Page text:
Prescient Minority Report 2023: Top 10

By , 11 April 2023




This year’s Minority Report convened by and sponsored by multinational financial services company Prescient is now out. There were 76 entries (31 white wine and 45 red) and these were tasted blind (labels out of sight) by a three-person panel, scoring done according to the 100-point quality scale.

Top 10

The 10 best wines overall are as follows:


Olifantsberg Grenache Blanc 2021
Price: R236
Wine of Origin: Breedekloof
Abv: 13.6%


Thor Vintners Lara Semillon 2022
Price: R200
Wine of Origin: Franschhoek
Abv: 13.46%


Constantia Uitsig Semillon 2021
Price: R220
Wine of Origin: Constantia
Abv: 14.1%


Dornier Semillon 2021
Price: R221
Wine of Origin: Stellenbosch
Abv: 13.7%


Mischa Roussanne 2022
Price: R202
Wine of Origin: Groenberg Wellington
Abv: 11.37%


Lowerland Tolbos Tannat 2021
Price: R325
Wine of Origin: Prieska
Abv: 12.68%


Wildeberg Terroirs Cinsault 2022
Price: R260
Wine of Origin: Wellington
Abv: 13.5%


Olifantsberg Grenache Noir 2021
Price: R236
Wine of Origin: Breedekloof
Abv: 13.5%


Painted Wolf Lycaon Grenache 2021
Price: R300
Wine of Origin: Wellington
Abv: 13.5%


Thor Vintners Gentis The Bishop Petit Verdot 2020
Price: R830
Wine of Origin: Franschhoek
Abv: 15.19%

Olifantsberg, Breedekloof.

About the category

The focus of the Minority Report is on wines from varieties whose respective total plantings do not exceed 5 000ha. South Africa’s eight most widely planted varieties (Chenin Blanc, Sauvignon Blanc, Colombar, Cabernet Sauvignon, Shiraz, Pinotage, Chardonnay, and Merlot in that order) all have plantings of over 5 000ha and together make up 82% of the national vineyard – this is a chance for the more subordinate varieties to shine!

In-depth analysis

To read the report in full, including key findings, tasting notes for the top wines and scores on the 100-point quality scale for all wines entered, download the following: Prescient Minority Report 2023

Shop online

Johannesburg boutique wine retailer Dry Dock Liquor is offering all of the wines in the Top 10 for sale and can deliver nationwide – buy now.

Hermanus wine shop Wine Village is offering all of the wines in the Top 10 for sale and can ship all over the world – buy now.



5 comment(s)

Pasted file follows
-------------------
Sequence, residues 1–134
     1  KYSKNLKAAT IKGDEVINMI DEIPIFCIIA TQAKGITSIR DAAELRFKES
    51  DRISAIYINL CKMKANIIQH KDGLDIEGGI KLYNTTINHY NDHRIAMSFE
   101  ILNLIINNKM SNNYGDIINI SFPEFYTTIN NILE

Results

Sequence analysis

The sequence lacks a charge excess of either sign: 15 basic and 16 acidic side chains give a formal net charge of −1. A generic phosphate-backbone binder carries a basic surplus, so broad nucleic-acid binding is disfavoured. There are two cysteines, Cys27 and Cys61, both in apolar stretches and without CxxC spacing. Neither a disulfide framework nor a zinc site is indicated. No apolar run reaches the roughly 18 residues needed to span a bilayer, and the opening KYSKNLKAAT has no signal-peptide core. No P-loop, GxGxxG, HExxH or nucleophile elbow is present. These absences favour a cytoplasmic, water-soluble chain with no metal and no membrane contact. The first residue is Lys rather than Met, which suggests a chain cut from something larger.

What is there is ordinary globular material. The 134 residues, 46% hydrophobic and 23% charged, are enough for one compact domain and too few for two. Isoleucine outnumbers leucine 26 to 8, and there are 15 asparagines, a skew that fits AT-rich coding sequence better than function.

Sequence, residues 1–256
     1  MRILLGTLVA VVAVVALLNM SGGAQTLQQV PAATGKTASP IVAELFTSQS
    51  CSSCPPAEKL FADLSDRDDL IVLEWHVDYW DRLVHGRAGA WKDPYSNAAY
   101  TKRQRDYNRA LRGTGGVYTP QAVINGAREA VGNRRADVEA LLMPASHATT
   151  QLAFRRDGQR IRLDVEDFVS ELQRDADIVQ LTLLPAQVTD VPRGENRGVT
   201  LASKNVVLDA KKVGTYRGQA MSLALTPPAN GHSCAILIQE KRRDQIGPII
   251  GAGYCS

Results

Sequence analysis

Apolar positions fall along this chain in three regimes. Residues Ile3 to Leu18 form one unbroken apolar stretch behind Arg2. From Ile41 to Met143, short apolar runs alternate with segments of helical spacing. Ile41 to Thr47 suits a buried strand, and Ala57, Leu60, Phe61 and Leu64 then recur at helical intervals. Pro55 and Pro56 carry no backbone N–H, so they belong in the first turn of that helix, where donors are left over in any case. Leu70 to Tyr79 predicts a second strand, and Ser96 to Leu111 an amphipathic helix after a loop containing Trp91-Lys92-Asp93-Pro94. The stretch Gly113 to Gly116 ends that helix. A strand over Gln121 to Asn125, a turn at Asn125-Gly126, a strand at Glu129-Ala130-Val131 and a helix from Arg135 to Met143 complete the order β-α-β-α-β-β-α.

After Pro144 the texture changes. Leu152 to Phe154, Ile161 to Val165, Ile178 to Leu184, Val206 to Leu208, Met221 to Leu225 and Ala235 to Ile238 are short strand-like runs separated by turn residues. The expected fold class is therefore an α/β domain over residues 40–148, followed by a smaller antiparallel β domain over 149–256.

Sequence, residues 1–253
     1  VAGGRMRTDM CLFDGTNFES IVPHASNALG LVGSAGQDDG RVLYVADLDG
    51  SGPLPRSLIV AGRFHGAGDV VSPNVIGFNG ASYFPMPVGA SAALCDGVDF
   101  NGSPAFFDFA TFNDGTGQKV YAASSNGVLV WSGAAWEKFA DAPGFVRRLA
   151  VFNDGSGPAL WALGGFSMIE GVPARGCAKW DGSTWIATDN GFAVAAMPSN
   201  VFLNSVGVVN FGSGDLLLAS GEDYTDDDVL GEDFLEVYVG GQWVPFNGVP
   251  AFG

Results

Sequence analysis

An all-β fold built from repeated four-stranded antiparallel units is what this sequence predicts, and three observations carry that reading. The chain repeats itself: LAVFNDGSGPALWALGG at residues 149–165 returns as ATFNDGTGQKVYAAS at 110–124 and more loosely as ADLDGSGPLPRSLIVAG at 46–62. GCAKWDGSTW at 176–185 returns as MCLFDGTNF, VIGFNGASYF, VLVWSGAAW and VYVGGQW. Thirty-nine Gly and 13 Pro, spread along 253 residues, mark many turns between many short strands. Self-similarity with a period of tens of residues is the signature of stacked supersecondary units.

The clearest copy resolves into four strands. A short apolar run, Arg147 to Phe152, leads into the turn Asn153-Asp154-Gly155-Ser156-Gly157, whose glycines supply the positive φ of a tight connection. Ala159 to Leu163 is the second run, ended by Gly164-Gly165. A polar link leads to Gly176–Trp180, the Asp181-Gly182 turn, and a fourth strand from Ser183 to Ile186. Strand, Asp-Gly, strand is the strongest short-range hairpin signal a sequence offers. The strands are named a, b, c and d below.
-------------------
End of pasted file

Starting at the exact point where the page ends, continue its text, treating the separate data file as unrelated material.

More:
Please read our Comments Policy here.

    Donald Griffiths | 12 April 2023

    Only 4 Pinots entered? Mon dieu.

    Angela Lloyd | 11 April 2023

    Christian, while I’m delighted to see semillon performing so well, my enthusiasm was tempered when I discovered that every one of the 77 wines entered scored between 94 and 85 – a whole 9 points separating all those wines? It’s difficult to reconcile the 100-point system when you use such a narrow band.
    If you followed your usual method, these are consensus scores but what do they do to help the consumer determine the difference between really good and less than ordinary? Isn’t it about time you revealed individual scores, which would provide a clearer picture of the results.

      Timothy Conn | 12 April 2023

      In the latest Atkin report, 91% scored between 85 and 94 points. Is it really surprising then that this report’s scores fall within that range?
      If there were no wines worthy of 95+ points and nothing below 85, what are the tasting panel meant to do?

        Angela Lloyd | 13 April 2023

        Timothy, that’s one reason I believe it’s important to know the judges’ individual scores. If each one is confident of his/her score, there should be no reason not to reveal it. One would hope Winemag subscribers would appreciate the extra detail rather than use it for ‘petty inquiry’. As Tim Atkin’s scores are his alone, there is no other comparison. If it still pertains, The World of fine Wine tastings do list each taster’s scores and notes. As with Platter, it comes down to following a taster whose taste echoes those of the reader.

      Christian Eedes | 12 April 2023

      Hi Angela, You use the term “consensus scores” whereas I prefer to view panel tastings as “collegial” – the score given to each wine involving shared responsibility. By way of anecdote, I heard Professor Gabriel Lepousez, who holds a PhD in Neuroscience from the Sorbonne University and is an expert on sensory perception and brain plasticity, speak earlier in the year – molecular biology is definitely not one of my fields of expertise, but he did make the point that olfactory and taste perceptors are different across the population and therefore, in an important sense, bigger panels are better than single opinions as the resulting judgement overcomes any weakness or blindspot that the indvidual taster might have.

      I would further respond by saying that the 100-point system as used by me in my personal capacity and by the panel is emphatically not linear in nature but rather a way of expressing a qualitative judgement that involves a very wide range of criteria in a compact way – it is therefore far easier to score 88 as opposed to 87 (and there is conversely less at stake) than it is to score 95 over 94. Scores of 95 – 100 are generally given way too easily.

      Out of respect to the panel, we will not be revealing individual scores as I want each judge always to feel confident about maintaining his or her position without being subjected to sometimes petty inquiry. I’m proud of both our panels’ rigour and conservatism when it comes to scoring which I believe provides the consumer with exceptionally trustworthy outcomes.

Leave a Reply

Your email address will not be published. Required fields are marked *

Like our content?

Show your support.